FDIC Plans to Steal the Money in Your Bank Account
from Grams Gold There’s a new front opening up in the war on your wealth. If you haven’t heard yet of the “bail-in,” you will. Even if you have, you need to know the latest… The bail-in is another weapon in the government’s arsenal of capital controls meant to reward Wall Street cronies and separate you from your money. We’ve long been familiar with capital controls, such as daily limits on bank withdrawals.
Add that to seven years of microscopic interest rates cannibalizing savers’ nest eggs combined with planned inflation stealing your money while you sleep. But unlike the drip-drip we’re used to, The bail-in will come upon you quickly, harshly, and with finality. The bankers recycled an old idea from the Great Depression’s playbook – next time, just steal bank depositors’ life savings. They know the next meltdown will be your grandfather’s Great Depression.
As the world faced a complete financial meltdown in 2008, Congress ponied up fresh taxpayer money – $800 billion for openers and trillions since – to bail-out favored banks and industries. Out-of-favor institutions were allowed to fail. Jobs, fortunes, and futures disappeared while unborn generations were saddled overnight with unpayable debt. Congress and bankers noted the sharply disagreeable taxpayer reaction. So they recycled an old idea from the Great Depression’s playbook – next time, just steal bank depositors’ life savings. That tried and true tactic took a new name: the bail-in. The easy part – the laws they needed had been in place for decades. But for added cover, they passed the Dodd-Frank Wall Street Reform and Consumer Protection Act of 2010, a 1930’s-styled, bank heist blueprint with a feel-good name. Those laws altogether say your money in your bank account in your name is not your money. Those laws say the bank owns your deposited money, not you. Wait…what? Court cases have upheld for decades that putting your money in savings, a CD, or other banking products means you’ve become an “unsecured creditor.” Court cases have upheld for decades that putting your money in savings, a CD, or other banking products means you’ve become an “unsecured creditor.” Your deposit is actually an unsecured loan to the bank with all the problems of counterparty risk! Instead of being presented with collateral, you get an IOU that pays a pittance in interest, or in many cases nothing.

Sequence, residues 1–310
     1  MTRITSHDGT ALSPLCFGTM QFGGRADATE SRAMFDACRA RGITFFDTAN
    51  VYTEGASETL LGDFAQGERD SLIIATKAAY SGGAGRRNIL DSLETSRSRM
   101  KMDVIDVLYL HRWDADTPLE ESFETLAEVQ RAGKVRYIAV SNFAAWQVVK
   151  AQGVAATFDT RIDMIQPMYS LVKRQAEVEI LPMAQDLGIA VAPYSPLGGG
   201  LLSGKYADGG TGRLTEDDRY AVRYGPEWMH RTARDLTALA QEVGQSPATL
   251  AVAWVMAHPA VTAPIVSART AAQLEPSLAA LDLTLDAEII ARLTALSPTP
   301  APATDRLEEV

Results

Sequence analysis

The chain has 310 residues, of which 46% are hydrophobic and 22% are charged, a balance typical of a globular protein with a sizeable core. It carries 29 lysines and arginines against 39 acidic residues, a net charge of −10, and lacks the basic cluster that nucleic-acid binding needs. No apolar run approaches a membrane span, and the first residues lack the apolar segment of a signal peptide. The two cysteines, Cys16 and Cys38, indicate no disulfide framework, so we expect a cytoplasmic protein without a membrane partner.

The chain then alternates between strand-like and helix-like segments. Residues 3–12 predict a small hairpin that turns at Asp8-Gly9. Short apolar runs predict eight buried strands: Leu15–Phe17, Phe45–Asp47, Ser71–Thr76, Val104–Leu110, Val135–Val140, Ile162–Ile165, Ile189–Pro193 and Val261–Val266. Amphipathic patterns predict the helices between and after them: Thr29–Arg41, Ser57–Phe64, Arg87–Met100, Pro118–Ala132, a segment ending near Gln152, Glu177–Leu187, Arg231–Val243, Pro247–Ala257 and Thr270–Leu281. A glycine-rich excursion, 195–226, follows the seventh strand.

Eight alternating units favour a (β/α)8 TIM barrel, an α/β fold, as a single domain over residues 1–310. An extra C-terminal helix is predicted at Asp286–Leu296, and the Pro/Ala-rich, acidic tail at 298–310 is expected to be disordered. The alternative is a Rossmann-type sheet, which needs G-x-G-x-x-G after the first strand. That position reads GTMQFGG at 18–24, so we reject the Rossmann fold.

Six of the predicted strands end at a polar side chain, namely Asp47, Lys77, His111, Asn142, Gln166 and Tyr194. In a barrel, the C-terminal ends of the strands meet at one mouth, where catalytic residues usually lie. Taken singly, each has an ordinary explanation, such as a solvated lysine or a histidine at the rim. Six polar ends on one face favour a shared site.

Unlike the 1930’s, there will be no point standing in long lines with hat in hand to ask for your money. By the time you hear the news, your money in the bank will already be gone.
A busted bank doesn’t have to return your principal deposits. Unlike when YOU are the borrower and THE BANK is the lender, the bank didn’t tender you a lawyered up promissory note or offer you a lien on its assets. Legally speaking, you may as well have handed your money to a stranger in the alley. Continue Reading>>>